That comedy shows on television traffic in stereotypes s a given.  That after thirty years Apu has gone from being a stereotype that could have been considered innocuous to one that isn't doesn't have to just be a sign of social justice warrior times.  I have a mixed lineage, half white half Native American.  So when I saw Cameron's Avatar I was startled at how many clich├ęs from the magic white boy joins the Indian tribe and gets the Indian princess idiom were strewn all over James Cameron's film.  ever been one for cowboy and Indian films on the whole.  Westerns have not aged well because the mythology surrounding the West has so often been dependent on a narrative that has too much racist baggage.  It's not that I never liked ANY Westerns.  I enjoyed the Coen brothers' take on True Grit, actually.  But, obviously, that's a different kind of American Indian character stuff.
 
I've made this point a few times at this blog, that there are only two basic modes of humor, laughing with and laughing at.  I can appreciate why some of a more Puritan bent felt that it was better to be an earnest and even moralizing lecturer than to traffic in humor.  After all, jokes tend to be at the expense of someone.  I'm not against humor as such, but the Apu situation of late seems like a reminder that jokers who make their livings making fun of this or that don't just decide that maybe they're in the wrong for trafficking in stereotypes.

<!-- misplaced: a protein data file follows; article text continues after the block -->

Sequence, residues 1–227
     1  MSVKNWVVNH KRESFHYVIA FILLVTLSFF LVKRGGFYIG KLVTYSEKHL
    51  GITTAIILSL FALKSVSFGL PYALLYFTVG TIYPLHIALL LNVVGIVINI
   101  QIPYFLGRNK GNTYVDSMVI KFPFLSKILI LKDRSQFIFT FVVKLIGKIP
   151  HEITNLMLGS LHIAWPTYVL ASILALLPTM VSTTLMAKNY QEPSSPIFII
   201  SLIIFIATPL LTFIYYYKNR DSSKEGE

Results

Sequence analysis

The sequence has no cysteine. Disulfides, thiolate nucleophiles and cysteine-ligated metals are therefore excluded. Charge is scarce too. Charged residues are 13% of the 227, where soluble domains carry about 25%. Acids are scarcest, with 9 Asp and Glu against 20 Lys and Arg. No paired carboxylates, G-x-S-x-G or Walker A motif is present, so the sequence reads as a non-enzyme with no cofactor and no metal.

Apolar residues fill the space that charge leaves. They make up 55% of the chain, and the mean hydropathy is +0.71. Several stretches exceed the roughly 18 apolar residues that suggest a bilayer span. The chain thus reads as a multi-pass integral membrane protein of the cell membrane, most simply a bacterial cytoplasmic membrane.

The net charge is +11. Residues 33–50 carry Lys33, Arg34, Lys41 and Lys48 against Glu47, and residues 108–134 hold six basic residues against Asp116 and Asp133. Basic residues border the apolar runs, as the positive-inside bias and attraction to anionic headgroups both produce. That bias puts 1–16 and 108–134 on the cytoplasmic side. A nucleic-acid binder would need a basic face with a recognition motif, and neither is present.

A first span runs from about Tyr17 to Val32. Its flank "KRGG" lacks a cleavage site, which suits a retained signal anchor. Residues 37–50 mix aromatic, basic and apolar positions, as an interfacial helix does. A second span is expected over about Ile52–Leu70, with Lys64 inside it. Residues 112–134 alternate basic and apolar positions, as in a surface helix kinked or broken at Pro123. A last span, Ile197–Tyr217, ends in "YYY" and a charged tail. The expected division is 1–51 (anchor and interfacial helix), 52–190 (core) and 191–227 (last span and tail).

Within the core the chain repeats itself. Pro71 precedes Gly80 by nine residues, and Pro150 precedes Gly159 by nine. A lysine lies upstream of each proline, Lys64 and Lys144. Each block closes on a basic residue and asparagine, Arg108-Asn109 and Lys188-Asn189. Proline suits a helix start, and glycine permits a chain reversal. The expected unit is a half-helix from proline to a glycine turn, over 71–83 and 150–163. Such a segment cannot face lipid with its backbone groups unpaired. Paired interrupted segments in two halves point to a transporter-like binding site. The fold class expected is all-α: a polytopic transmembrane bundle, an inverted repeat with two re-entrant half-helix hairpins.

Maybe Harvey Dent's line in a Nolan film is apt here, you either die a hero or live long enough to see yourself become the villain.   After all, if The Simpsons had called it quits even ten years ago it wouldn't be part of this cultural moment. 

It's not like people are retroactively condemning Madonna for cultural appropriation for songs she released twenty years ago.  One of the advantages of knowing when it's time to "fade out" in popular culture is that if you've ended up on the wrong side of trends people can forgive you if only by dint of you not being particularly active.   If Woody Allen had stopped making films twenty years ago the debate about his work would have a different tone and substance.  But he's been out there actively making films year after year. 
 
Perhaps we can just say that after thirty odd years The Simpsons are like The Rolling Stones, enough of a legacy act that they'll be around a bit but nobody really imagines they "matter" except as legacy by now?  Obviously the ... kind of matter, but I stopped watching the show more than a decade ago.